The Living Magick Learning Cards Series is one of those brilliant “now why didn’t I think of that” cool ideas that Jadzia and Jay DeForest have brought to life. The series is published by Living Magick Publishing and distributed through Devera. You can order these Learning Cards over at They’re basically $25 each, which is a great deal.

As you can see from the above photo, I currently own the Palmistry, Tree of Life, and Tarot cards from the series. I’ll be reviewing each deck in turn.

Palmistry Cards - Box and Cards

This review will be on the Palmistry Learning Cards: The Art of Chiromancy. They’re marketed as self-study flash cards. Since I’m a beginner when it comes to palmistry, I’m an ideal subject to be reviewing the deck to see if it can teach me palmistry.

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Tarot Reader Compassion for the “Am I Pregnant” Question

St. Anne Conceiving the Virgin Mary, by Jean Bellegambe (1480 -1535 )
St. Anne Conceiving the Virgin Mary, by Jean Bellegambe (1480 -1535 )

Tarot readers often jest about the inevitable reading request, one that most tarot teachers instruct to be outside the bounds of tarot ethics to answer matter-of-factly, that one question that is so easy to postulate as the stupidest possible question to ask the tarot, and that is the question, “Am I pregnant?”

Inside, we smirk and giggle, and ask, “Why don’t you just take a pregnancy test?” and hoot a little at how ludicrous it is for someone to ask that question to the tarot, or to any divinatory medium. Even I have been guilty of thinking that response when such a question is presented. I mean, who in their right minds would go to a tarot reader and ask “am I pregnant?” How stupid do you have to be?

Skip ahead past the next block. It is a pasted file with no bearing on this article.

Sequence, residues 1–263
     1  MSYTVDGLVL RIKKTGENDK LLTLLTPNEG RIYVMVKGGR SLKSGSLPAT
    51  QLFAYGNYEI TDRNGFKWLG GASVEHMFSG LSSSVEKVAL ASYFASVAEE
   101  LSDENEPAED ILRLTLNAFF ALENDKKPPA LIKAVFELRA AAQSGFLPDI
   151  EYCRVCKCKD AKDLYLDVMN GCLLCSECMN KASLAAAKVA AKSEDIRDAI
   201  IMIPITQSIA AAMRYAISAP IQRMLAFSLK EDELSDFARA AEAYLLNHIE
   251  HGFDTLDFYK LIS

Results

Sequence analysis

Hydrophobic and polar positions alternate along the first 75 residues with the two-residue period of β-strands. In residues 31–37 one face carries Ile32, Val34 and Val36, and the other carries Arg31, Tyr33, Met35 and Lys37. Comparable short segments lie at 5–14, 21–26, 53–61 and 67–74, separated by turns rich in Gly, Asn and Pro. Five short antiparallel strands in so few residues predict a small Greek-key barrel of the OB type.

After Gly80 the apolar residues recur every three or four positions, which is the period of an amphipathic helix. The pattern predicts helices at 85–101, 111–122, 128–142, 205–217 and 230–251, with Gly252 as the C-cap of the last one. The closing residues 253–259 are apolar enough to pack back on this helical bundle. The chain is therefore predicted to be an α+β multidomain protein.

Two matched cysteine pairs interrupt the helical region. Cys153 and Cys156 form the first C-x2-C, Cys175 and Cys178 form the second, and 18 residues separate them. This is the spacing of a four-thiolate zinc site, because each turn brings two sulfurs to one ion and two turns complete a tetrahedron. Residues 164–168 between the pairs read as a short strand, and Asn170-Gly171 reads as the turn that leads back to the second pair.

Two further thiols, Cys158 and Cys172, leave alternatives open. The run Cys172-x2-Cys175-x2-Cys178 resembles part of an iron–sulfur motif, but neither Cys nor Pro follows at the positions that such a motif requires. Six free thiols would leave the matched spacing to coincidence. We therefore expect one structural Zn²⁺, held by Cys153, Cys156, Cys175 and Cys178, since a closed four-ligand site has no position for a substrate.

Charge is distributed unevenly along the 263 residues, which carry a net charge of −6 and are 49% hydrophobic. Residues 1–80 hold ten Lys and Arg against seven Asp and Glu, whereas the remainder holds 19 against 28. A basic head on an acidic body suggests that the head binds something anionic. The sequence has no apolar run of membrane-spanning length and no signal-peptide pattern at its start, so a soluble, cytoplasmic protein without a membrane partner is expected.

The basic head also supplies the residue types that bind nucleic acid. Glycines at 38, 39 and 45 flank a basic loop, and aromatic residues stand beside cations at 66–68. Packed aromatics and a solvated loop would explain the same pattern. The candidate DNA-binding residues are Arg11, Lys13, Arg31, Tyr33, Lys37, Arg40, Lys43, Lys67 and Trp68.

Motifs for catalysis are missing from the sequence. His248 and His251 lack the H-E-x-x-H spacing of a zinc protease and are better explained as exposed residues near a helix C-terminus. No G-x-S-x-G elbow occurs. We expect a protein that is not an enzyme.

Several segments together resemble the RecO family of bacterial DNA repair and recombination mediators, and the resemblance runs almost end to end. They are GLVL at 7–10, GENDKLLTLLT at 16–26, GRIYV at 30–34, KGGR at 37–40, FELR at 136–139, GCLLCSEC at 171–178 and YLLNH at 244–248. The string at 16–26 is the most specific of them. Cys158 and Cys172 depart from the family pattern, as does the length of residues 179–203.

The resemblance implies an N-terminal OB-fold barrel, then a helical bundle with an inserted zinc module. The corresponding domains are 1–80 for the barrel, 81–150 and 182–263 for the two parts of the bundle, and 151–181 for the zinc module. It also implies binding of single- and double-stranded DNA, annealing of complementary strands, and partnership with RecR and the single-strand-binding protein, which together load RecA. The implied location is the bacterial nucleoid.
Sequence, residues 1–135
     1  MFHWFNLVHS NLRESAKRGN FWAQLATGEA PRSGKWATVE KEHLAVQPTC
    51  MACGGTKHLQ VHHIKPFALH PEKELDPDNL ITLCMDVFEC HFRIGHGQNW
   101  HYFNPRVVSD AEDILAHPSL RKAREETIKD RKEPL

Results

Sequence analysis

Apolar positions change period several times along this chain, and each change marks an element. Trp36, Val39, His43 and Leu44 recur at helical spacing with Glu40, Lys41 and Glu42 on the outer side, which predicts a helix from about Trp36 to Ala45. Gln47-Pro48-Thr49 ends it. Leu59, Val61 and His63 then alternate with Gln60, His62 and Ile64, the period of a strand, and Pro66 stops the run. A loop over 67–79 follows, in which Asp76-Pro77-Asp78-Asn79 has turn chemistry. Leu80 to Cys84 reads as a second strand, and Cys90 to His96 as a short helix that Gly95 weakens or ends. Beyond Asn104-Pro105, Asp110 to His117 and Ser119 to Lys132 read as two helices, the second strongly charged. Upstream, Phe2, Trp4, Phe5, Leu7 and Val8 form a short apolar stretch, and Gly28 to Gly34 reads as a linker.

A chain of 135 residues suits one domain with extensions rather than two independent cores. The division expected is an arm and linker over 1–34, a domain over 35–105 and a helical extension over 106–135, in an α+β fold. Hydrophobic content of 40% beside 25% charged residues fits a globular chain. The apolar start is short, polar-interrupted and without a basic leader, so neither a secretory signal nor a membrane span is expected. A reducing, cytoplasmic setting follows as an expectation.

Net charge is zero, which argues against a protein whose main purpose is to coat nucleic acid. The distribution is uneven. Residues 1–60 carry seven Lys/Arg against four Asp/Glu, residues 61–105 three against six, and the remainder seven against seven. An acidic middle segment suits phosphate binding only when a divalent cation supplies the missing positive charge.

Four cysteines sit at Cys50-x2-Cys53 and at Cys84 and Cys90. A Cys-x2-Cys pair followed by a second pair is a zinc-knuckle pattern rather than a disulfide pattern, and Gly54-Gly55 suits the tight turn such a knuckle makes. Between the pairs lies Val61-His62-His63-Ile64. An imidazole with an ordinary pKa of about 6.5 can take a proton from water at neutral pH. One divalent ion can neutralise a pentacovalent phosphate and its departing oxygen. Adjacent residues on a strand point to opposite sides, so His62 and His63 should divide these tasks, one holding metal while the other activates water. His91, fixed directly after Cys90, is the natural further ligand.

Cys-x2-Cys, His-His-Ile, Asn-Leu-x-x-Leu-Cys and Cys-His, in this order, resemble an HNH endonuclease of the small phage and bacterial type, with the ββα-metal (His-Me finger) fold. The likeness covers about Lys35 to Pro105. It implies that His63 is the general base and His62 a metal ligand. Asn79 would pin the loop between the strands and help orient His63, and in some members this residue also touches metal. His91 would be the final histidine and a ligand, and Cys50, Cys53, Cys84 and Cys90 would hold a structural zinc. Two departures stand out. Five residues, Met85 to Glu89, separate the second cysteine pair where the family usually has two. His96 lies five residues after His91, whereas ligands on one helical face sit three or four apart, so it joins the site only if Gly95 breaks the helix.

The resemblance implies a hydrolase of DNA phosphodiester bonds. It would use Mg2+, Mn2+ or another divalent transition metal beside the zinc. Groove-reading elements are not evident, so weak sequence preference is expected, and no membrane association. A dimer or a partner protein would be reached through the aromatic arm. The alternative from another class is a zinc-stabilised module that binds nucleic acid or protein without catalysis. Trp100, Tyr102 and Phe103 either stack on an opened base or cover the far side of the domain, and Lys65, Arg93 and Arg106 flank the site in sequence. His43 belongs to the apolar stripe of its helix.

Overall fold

About as stupid as me.

Okay, actually, I’ve never presented that question to a tarot reader. But I am here to ask all of you tarot professionals who might not have experienced this side of life to hear me out and maybe, in the future, in your head and among your emotions, be sincerely able to show compassion.

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What Your Favorite Tarot Deck Says About You


Let me tell you what your favorite go-to tarot deck says about you. That’s right. I think I know you better than you know yourself. And all from knowing which tarot deck you like.

Visconti-Sforza Tarot by U.S. Games
Visconti-Sforza Tarot by U.S. Games

Tarot de Marseille

You’re kind of an elitist snob. You think your tarot deck is more authentic than other people’s tarot decks and so that makes you better. When you’re talking about tarot, you make sure to emphasize that you read with the Marseille (no, you would say “TdM”) deck because you’re pretty sure that fact alone conveys the depth and breadth of your tarot knowledge.

Oswald Wirth Tarot by U.S. Games
Oswald Wirth Tarot by U.S. Games

Esoteric Tarot Deck Pre-1900

You’re an elitist snob. You’re probably a voracious reader of obscure books, especially books bearing titles that begin with “Liber.” You get all academic and historian-y when talking about witchcraft or ceremonial magic.